Troika returns to Athens
Experts from the EU Commission, the ECB and the IMF are expected in Athens on Friday for talks on a third bailout package. Envoys from the ESM bailout organisation will also be attending. Prime minister Alexis Tsipras has no choice but to sit down at the table with the Troika again, some commentators say. Others think he will be forced to call new elections very soon.
Syriza must resume negotiations with blackmailers
The government in Athens has no alternative but to continue negotiating with the creditors, the centre-left daily Der Standard comments resignedly: "At best Greece's ruling left-wing party [can] hope to push through an austerity programme for the next three years. At worst - and more than a few opinion leaders say this is what will realistically happen - the new austerity programme will fail. … According to the latest estimates from Athens, Greece's economy will shrink by two or more percent this year because of the prolonged tug of war with its creditors. This in turn will increase the creditors' austerity demands. The ruling left will complain about more 'blackmailing'. But it doesn't have any real alternatives."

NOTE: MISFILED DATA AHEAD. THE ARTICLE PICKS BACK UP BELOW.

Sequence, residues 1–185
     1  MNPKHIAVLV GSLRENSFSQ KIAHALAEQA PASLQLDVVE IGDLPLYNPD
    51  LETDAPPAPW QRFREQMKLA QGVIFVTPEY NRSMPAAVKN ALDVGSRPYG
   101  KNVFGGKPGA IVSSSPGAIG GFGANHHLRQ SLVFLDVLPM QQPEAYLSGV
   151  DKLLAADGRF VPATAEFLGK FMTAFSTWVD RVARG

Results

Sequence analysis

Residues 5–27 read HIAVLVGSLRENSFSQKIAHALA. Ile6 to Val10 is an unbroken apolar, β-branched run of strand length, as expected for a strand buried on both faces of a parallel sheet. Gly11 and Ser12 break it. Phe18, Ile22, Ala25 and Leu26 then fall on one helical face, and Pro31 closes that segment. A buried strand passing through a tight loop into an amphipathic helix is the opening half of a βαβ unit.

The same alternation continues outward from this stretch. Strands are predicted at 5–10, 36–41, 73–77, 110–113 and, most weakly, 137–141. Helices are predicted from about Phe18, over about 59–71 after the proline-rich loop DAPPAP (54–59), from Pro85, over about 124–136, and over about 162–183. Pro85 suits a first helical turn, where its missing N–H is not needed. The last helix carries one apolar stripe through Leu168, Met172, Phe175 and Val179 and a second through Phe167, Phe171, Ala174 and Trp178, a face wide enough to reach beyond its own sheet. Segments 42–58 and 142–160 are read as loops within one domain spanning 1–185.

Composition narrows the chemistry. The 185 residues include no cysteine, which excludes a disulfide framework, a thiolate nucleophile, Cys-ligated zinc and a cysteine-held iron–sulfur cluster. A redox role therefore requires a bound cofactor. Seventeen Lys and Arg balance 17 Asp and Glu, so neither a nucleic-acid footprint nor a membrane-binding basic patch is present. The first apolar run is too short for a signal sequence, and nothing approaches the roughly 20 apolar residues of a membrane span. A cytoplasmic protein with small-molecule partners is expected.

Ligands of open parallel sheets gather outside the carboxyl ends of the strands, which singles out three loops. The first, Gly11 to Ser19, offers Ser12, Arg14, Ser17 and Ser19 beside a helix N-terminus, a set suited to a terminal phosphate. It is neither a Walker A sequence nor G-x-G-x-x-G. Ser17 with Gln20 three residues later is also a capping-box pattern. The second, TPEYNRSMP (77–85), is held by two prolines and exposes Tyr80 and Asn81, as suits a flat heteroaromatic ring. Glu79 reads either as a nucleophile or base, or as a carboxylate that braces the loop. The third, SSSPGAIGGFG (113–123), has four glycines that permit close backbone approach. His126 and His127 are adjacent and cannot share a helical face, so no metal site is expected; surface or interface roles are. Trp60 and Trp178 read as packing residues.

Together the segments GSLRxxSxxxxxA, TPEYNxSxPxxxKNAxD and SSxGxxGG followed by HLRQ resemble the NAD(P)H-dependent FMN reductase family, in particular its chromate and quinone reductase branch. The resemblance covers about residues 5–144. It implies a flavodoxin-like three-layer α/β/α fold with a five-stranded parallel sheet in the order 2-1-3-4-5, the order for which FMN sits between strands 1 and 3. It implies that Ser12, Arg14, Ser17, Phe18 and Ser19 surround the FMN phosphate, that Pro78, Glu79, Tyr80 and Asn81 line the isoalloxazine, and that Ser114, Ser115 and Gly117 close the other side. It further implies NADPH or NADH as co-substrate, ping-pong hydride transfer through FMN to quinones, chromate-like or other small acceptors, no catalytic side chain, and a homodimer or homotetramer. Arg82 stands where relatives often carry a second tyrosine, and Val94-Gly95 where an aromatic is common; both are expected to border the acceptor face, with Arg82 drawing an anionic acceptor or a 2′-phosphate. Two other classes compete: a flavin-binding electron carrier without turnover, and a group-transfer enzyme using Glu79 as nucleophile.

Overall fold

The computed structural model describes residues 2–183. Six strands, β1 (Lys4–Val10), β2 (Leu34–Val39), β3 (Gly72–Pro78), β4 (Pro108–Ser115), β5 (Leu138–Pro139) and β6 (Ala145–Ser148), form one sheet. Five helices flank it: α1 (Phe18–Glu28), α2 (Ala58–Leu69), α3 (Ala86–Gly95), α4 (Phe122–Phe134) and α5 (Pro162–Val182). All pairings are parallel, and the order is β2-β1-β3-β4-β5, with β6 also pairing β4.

New elections ever more likely in Athens
Despite Wednesday night's vote in the Greek parliament in favour of further reform measures unrest continues to grow in Athens, according to the centre-left Berliner Zeitung: "It was thanks to the votes from the opposition that the Greek prime minister managed to achieve a majority. Key projects such as the abolition of early retirement were dropped from the agenda with the consent of the creditors to avoid stoking discontent. There's no overlooking the rift in Tsipras's Syriza movement. Which is why it looks increasingly likely that he will have to call new elections over the summer break. And things are not likely to quieten down in the rest of Europe either. During the summer break the creditors will have to approve the third bailout package. … In this light the successful referendums in Athens are a first step on a long, difficult path back to normality. Genuine stability within the economic union, either politically or economically, is still a long way off."
Tsipras's battle against the drachma camp
To prevail over the opposition in his own ranks Tsipras should cooperate with the pro-Europeans in other parties, advises the liberal website Protagon: "The final battle between the former comrades will be vicious and politically bloody. … Only the voters can resolve this. They must decide whether they want Tsipras and his team, who prefer the path of realism, or whether they're convinced by the third-world vision of the drachma proponents. Tsipras will probably get his way. … But he will be seriously injured and incapable of making the decisions necessary to prevent a Grexit. … He must now cooperate with those political forces that believe in the country's European course."